Various Artists Ultraviolet 1 - XLR8R

Various Artists Ultraviolet 1

Visionquest hits the 50-release mark with a three-disc retrospective.
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visionquest ultraviolet 1

Right out of the gate, Ultraviolet 1, the sprawling new three-disc compilation from Team Visionquest, hits you with Benoit & Sergio's "Walk And Talk." It's a fitting choice to lead off the proceedings—not just because it was the first track the label ever released, and not just because its one of its biggest tunes to date. No, what makes "Walk And Talk" such a fitting starting point for Ultraviolet 1 was that it was one of the defining club cuts of 2011: Its vibe was the epitome that foggy, chuggy, druggy feel that for a time ruled a certain sector of clubdom. (The fact that the barely-there vocals mentioned ketamine a lot is merely icing on the cake.)

It's also a sound that, fairly or not, came to define Visionquest—run by Shaun Reeves, Ryan Crosson and Lee Curtiss, with cofounder Seth Troxler now off on his own. That fuzzy-headed vibe dominates on Ultraviolet 1's first disc. Ewan Pearson's remix of Footprintz's "Utopia" anchors cooing vocals, undulating synths, and a gorgeous, minor-key melody to its loping rhythm; "Let Me In," by Laura Jones, revels in a kind of pillow-soft grandeur, her yearning murmurs giving the song its emotional heft; and Maceo Plex's "Fallin'" is pure dream-state disco. Even the disc's most salacious number, Lee Curtiss's "Body Twitch," comes off as much like a blurry (albeit sleazy) come-on from your funny, inebriated pal as it does an invitation to a truly dangerous rendezvous.

But Visionquest's scope has widened since the label's hazy, crazy early days. Its A&R department hasn't exactly gone all clearheaded, exactly—but on a few tracks on the first disk, and the bulk of the second, the ambiance is crisper and the mood is more far-ranging. "Touch," from Rework, all percolating bass and propulsive pace, is a full-on jacker; My Favorite Robot's much-played "Forest Fires" grounds its trance-esque arpeggios and longing vocals (a reoccurring Visionquest motif) to a whip-snap rhythm; and Clarian & Guy Gerber's "Claire," another big one for the label, cuts through the smoke with a melody that approaches something like grandeur.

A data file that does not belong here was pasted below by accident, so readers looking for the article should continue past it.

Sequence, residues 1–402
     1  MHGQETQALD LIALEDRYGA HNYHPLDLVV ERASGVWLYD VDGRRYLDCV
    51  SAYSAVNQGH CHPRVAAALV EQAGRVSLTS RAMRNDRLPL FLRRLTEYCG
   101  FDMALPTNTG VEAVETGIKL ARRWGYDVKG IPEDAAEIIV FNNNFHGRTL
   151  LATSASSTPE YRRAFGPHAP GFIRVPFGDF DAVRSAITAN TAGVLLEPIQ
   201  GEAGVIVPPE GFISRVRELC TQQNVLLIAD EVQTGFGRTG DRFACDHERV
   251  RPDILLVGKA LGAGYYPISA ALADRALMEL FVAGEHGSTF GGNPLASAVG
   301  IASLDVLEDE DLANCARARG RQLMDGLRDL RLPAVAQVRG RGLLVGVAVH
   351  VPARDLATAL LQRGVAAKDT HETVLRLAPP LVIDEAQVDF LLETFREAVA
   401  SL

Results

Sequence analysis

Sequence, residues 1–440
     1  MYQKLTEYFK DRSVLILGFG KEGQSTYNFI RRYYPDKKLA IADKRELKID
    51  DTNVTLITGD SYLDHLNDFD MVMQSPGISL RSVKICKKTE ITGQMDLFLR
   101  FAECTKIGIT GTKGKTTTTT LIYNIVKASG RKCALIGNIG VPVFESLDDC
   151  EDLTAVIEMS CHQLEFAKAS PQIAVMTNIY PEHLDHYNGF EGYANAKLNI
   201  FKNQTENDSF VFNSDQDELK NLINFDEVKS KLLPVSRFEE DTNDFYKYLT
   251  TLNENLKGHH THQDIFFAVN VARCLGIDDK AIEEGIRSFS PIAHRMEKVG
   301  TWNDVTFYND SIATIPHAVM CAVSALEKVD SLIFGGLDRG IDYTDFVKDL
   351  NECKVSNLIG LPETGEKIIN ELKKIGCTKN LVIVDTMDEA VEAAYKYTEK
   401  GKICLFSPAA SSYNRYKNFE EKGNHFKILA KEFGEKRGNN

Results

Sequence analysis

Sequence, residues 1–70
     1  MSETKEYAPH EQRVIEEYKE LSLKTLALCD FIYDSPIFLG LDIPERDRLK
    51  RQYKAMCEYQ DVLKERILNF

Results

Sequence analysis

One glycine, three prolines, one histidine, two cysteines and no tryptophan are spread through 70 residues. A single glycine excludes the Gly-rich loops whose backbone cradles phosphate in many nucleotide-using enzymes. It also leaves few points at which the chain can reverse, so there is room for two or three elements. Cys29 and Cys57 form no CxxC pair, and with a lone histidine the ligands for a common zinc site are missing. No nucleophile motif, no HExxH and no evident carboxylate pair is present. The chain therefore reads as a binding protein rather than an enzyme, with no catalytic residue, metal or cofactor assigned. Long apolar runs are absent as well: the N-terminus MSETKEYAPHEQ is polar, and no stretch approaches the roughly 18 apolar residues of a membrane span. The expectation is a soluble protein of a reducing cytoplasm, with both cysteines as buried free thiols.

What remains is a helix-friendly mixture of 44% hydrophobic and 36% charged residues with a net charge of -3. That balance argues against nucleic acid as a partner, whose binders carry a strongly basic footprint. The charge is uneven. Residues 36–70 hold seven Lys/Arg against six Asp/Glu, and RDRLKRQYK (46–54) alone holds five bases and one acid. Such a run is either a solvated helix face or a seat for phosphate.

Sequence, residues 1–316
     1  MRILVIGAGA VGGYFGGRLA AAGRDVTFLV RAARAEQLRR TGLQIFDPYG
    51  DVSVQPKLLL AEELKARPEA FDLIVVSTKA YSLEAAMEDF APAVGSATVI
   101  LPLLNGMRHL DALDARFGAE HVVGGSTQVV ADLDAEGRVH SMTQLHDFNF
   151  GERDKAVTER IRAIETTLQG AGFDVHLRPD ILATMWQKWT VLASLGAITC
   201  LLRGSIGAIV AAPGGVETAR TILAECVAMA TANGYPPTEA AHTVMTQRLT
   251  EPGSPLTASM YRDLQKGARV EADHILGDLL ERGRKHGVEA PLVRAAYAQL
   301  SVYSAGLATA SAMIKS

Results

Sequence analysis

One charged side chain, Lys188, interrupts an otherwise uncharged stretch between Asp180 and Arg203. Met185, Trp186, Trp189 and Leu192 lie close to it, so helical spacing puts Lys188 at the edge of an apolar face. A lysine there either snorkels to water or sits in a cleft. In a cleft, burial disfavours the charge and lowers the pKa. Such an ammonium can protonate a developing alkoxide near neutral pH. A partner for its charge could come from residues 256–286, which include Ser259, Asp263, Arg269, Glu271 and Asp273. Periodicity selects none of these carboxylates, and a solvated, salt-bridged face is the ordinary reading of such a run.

One person's wide scope is another's lack of focus, of course, and after so many releases—Ultraviolet 1 marks number 50 for Visionquest—one could make the argument that the label's later-day emphasis on diversification, however subtle, has led to a slight loss of its focused aesthetic. DJ Three does his best to prove the cynics wrong on CD3, a continuous mix titled "Laterna Magika" consisting of 17 tunes that didn't make it onto the other discs. (It's a testament to Visionquest's depth that, even at 39 tracks total, Ultraviolet 1's quality rarely flags.) Three's mix, despite including tracks that meander from the strutting tech-soul of Wareika's "Madame Scorpion" and Balearic bliss of Merveille & Crosson's "The Day You Left" to the otherworldly aura of Pezzner's"The Island Fantastic" and the sacred minimalism of Riccardo Rizza "Clut," coheres it all into a pleasure-filled groove. Time will tell if Visionquest can keep the goods coming for another 50 releases—but for now, we'll just enjoy what the label's accomplished so far.